I got the dogs fed and watered and cut a stick to use for roasting bratwurst over the fire. Sat for a long time cooking and eating supper, watching the full moon climb over the trees at the east end of the clearing. The shack used to sit in deep timber and the moonlight never reached the ground here. In those days the temperature inside the shack was consistently five degrees colder, it seemed, than outside. A couple years ago, though, the DNR logged our little backyard. I was furious then, but I’ve come to appreciate the openness. It’s good to see the stars, and on days like today when it’s not quite warm enough, a little sunshine coming through warms the shack right up.

We sat by the fire, me and the dogs. They hear and smell things I don’t, so I wasn’t surprised when they both turned to look down the trail and began to bark and growl deep in their throats. Very likely they smelled a bear or a moose; less likely it was a wolf, but the number of grouse hunters coming through lately keeps the wolves away from the road. Bears and moose just get nocturnal when there are lots of people around. I told the dogs to ignore whatever it was, and they curled up at my feet, next to the fire, the three of us looking like some combination of a Pleistocene diorama and a Norman Rockwell painting. Then the breeze switched to the northwest. I had to sit at the very end of my log to keep my face out of the smoke. The dogs smelled something off that way. Again, it could have been something big, but it might just as easily have been a skunk -- it’s hard to say. We did have a skunk in camp while we were here bear hunting earlier this fall, and for a while it took up residence underneath the shack. We were very, very careful if we had to use the bathroom (forty paces from the front door, around the back of the shack) during the night.

After supper and the show the stars and the moon put on, I came in and used the water I’d heated earlier to take a sponge bath. I wouldn’t normally worry about bathing for a one-night stay here, but Jason found a deer tick on his pants when we were hunting earlier in the day, and I don’t care to experiment with Lyme’s Disease. So I was fastidious about getting clean. Now the oil stove is throwing out just enough heat to keep it good for sleeping in here tonight. (Outside there will be a layer of frost on everything by morning. It’s one of those perfectly clear, crisp nights.) The lantern lights up the room very nicely, thank you. It hangs over my head giving off a great deal of light and a comfortable hissing sound. I sit at the table with my laptop, writing. It seems like violence to have this bright bit of technology here. I do feel vaguely guilty, but there is precedent. I remember being completely horrified the first time we were hunting here and my brother’s cell phone rang -- and he answered it! Now I’ve come to expect cell service here, though it’s spotty enough that I have to turn the phone off when I’m not using it or it will expend all its battery searching for a signal. It’s a good idea to limit one’s dependence on technology, and I enjoy turning off the cell phone for most of the time I’m at the shack. In the same way, the laptop comes out so I can write. Thank God there is no wireless network here, and I refuse to consider a cell phone uplink.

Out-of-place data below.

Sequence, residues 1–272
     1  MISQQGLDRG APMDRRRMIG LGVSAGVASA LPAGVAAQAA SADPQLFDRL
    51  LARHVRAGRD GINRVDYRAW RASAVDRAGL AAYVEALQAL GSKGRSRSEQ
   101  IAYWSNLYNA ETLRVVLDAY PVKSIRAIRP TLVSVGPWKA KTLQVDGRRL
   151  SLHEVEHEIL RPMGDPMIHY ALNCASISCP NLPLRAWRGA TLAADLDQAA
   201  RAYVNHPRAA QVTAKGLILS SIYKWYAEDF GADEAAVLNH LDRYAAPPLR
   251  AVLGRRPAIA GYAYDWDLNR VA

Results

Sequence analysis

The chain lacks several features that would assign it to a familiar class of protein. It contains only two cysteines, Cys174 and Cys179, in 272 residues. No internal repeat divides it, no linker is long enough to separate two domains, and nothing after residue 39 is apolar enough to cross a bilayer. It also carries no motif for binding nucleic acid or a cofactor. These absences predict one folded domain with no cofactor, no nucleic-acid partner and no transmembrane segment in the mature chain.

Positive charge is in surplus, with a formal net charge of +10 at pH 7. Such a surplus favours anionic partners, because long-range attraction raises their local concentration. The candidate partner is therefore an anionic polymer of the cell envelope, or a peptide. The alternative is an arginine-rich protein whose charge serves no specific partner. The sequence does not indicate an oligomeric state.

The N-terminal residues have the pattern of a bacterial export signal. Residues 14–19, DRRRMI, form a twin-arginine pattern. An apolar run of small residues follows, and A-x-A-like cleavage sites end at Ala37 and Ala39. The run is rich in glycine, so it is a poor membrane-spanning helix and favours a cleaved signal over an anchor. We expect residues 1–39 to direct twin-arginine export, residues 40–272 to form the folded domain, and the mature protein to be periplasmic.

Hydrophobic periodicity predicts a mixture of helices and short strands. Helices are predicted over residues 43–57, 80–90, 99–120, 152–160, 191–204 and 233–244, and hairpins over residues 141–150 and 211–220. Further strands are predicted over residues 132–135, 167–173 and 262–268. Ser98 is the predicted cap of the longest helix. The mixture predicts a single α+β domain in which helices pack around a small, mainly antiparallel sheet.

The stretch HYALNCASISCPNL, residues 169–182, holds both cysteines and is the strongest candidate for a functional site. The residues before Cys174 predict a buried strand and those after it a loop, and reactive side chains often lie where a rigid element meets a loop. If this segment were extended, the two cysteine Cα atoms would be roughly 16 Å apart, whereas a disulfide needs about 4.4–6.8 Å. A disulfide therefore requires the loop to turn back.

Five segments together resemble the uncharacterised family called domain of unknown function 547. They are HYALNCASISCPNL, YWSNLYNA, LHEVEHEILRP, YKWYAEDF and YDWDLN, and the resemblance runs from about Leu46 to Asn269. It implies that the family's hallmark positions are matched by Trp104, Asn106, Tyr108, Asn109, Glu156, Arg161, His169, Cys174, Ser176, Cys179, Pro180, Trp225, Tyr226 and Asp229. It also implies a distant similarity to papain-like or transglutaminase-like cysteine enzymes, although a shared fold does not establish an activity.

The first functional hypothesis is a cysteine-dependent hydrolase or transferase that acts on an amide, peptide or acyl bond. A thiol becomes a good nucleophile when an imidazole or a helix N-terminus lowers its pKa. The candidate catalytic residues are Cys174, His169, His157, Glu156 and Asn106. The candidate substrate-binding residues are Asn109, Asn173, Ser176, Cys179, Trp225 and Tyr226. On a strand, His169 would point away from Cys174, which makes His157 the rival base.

That’s the shack, though I haven’t talked about mice or traps, the sheet metal on the roof, the solid 2x6 construction of the single front step, or the bear claw marks on the southeast corner. Each of those items and dozens more have stories attached. I come here and I am reunited with my father as a young man, hunting here with his gang back in the 50’s. I remember shivering in the early stages of hypothermia when I was eleven. My mother tried to get me to drink coffee to warm me up, and I couldn’t imagine how anyone could choke that awful stuff down. I think of the many times my brothers and I have come here to hunt bears. At least that’s the excuse. In reality we get to spend a week with each other, and hunting is the best way to do that. I remember bringing Erica here when she was five, and the first words out of her mouth when she saw the shack were, “Daddy, is that building going to fall down sometime soon?” Or Teya, on the same trip, at two years old discovering on the sandy road that runs past the shack that deer leave tracks -- and she was so proud to show me each and every print along fifty yards of a deer’s trail.

It is a lowly place, left unlocked because there is nothing of value here, nothing worth a thief’s trouble to steal. Yet each year when the lease comes due, and we hem and haw about paying that much for a ramshackle old building and wouldn’t we just be better off saving up for a trailer of some kind so we could camp anywhere? We pay the money and keep the memories and come back again next fall. We are richer for it.

The skunk is back. He must have wandered in late and denned up under the shack again. His odor comes with him, faint but unmistakeable, not the gut-wringing smell of a full dose of spray but rather the tenuous reminder of early mornings on a deer stand when skunk scent served as a cover. Until a moment ago, the dogs were asleep on a scrap of carpet I laid out for them next to the other bunk, the one I’m not using, but the skunk smell woke them out of a sound sleep. We’ll have to be cautious if we need to go outside tonight!

1 comment:

  1. Gonna keep this post handy. I found myself day dreaming as I read it. How is that I have been there a handful of times and I feel incredibly connected to this place!